Downing Street has spent more than £2.6 million on refurbishments ahead of plans to hold White House-style press briefings, according to the PA news agency.

The cost of the refurbishments for the televised question and answer sessions with journalists was revealed as Boris Johnson faces pressure over the funding of a separate renovation to his No 10 flat.

Labour questioned the prime minister’s priorities for spending millions on “vanity projects” while “picking the pockets” of NHS workers, amid growing anger at the Government proposing a pay rise for health staff of just 1%.

An extensive overhaul within No 9 Downing Street began last year as the Government announced the plans to hold the televised briefings, with their launch long-delayed due to the coronavirus pandemic.

In response to a Freedom of Information (FoI) request, the Cabinet Office issued a breakdown of the costs on Friday totalling £2,607,767.67, largely excluding VAT.

The department said that funds have been spent to allow daily broadcasting by various news organisations within the Grade I listed building, commenting: “This will necessarily require one-off capital works, including audio-visual equipment, internet infrastructure, electrical works and lighting.

“This spending is in the public interest as the new broadcasting of lobby briefings will increase public accountability and transparency about the work of this Government now and in the future.

“Such spending on maintenance and technical facilities reflects that 9 Downing Street (the Privy Council Office) is a Grade I listed building.”

Opposition MPs have seized on the project as a point of contrast with the Government’s recommendation of a 1% pay rise for NHS workers despite the unprecedented pressure they suffered during the coronavirus pandemic.

As nurses considered taking industrial action, Labour deputy leader Angela Rayner said: “It would take around 100 years for a newly qualified nurse to get paid this kind of money.

“It sums up Boris Johnson’s warped priorities that he can find millions for vanity projects, while picking the pockets of NHS workers.”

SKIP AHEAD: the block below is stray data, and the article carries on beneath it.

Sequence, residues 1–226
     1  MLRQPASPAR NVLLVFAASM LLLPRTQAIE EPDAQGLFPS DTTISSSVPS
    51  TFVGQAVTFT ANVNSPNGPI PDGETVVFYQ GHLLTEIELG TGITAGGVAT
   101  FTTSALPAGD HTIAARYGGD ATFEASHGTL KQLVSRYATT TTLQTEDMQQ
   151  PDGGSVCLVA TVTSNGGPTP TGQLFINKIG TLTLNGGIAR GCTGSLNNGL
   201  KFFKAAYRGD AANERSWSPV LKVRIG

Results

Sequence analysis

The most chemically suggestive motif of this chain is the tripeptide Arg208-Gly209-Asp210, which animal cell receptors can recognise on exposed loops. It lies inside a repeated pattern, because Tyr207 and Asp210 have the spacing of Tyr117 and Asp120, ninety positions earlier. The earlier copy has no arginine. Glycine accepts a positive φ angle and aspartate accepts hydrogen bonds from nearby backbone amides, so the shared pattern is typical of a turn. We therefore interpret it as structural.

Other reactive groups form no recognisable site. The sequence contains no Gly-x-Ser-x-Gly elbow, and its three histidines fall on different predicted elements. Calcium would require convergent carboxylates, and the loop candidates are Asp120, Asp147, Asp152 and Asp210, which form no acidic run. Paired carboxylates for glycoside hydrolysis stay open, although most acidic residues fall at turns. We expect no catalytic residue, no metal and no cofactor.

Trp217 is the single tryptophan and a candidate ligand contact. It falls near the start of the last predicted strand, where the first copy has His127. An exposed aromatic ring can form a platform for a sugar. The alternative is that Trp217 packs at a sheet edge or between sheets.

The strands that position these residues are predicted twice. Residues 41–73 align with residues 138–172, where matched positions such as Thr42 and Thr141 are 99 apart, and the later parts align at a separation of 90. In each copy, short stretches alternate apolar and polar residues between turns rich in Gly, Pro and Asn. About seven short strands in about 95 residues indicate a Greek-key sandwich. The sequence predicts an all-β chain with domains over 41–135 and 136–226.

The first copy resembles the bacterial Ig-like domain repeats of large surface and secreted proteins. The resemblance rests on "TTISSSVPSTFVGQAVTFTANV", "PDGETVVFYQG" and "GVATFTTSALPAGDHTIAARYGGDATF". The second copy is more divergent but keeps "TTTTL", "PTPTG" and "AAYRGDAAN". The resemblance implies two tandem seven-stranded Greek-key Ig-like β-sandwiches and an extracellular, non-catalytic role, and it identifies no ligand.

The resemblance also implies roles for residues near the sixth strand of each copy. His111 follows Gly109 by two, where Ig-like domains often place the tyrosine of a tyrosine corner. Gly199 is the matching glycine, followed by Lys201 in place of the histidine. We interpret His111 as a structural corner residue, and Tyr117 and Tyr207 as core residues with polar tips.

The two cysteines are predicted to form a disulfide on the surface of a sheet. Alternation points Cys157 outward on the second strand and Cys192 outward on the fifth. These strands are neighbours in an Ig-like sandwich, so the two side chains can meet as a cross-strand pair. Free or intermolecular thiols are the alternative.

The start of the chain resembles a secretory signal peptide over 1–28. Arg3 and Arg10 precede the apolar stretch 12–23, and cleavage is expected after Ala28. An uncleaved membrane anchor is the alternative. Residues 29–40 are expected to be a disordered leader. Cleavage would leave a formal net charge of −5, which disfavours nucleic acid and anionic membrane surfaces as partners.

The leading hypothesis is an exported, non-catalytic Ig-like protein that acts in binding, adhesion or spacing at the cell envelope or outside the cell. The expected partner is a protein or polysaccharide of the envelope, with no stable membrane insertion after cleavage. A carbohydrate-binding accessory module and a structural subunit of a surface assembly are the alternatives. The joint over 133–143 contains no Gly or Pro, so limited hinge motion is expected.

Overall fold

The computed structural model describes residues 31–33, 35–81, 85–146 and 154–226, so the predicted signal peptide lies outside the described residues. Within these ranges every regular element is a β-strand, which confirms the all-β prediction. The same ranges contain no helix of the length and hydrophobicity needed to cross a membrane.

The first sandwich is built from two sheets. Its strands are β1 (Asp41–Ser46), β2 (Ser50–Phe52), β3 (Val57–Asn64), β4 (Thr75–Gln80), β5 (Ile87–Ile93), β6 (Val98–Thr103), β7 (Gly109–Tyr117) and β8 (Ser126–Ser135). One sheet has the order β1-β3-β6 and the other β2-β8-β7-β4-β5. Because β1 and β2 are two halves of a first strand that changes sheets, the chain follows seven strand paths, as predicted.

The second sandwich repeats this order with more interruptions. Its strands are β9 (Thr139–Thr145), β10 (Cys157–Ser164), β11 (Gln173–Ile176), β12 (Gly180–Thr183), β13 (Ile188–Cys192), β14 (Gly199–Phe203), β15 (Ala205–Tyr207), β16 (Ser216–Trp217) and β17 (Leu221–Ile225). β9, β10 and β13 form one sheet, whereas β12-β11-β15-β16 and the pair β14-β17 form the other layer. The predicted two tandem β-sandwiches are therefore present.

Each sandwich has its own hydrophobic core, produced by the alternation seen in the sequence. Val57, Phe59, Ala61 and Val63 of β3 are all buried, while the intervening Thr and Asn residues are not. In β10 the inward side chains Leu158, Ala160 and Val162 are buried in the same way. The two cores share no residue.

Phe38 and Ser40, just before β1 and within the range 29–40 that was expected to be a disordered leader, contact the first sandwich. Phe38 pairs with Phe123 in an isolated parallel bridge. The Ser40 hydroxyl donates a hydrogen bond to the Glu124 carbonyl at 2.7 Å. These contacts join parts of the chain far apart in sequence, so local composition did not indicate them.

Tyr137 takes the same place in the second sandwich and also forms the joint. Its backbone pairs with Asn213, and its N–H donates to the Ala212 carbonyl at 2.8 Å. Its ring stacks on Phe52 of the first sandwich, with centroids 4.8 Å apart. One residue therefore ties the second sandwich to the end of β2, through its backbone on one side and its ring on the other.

Deputy leader of the Liberal Democrats, Daisy Cooper, added: “This is nothing more than an expensive vanity project and is just more evidence that this Government’s priority is spin, not substance.

“The prime minister himself said that he ‘owed his life’ to Covid doctors and nurses but now he’s happy to see front-line nurses take a real-terms pay cut, whilst he gets a flashy new TV studio – the prime minister should hang his head in shame.”

The FoI response, which was delayed by several weeks as officials decided whether the disclosure was in the public interest, included £1,848,695.12 for the “main works”.

Other costs included £198,023.75 on “long lead items”, and £33,394.63 on broadband equipment.

The disclosure came as the prime minister faces additional pressure over the refurbishment of his official flat above No 11 overseen by his fiancee, Carrie Symonds.

With costs reported to be spiralling, Downing Street refused to deny that Mr Johnson is considering setting up a charity to pay for the works to the flat.

The move raised concerns of possible conflicts of interest, offering a potential backdoor to providing a financial benefit to the PM.

Former journalist Allegra Stratton – now press secretary to the prime minister – is set to lead the televised briefings on a reported salary of £100,000 a year.

The launch had been anticipated as early as autumn 2020, but No 10 said they were being delayed as ministers planned to hold regular press conferences during the lockdown.

Lobby correspondents, the political reporters based in Parliament, currently have daily briefings with the prime minister’s official spokesman, or his deputy. Both are civil servants.

But under proposals set out last July, an afternoon session will be filmed at 9 Downing Street and will be led by Ms Stratton.

As a politically-appointed special adviser, rather than an impartial civil servant, she will be able to take aim at opponents as well as defend the Government’s actions.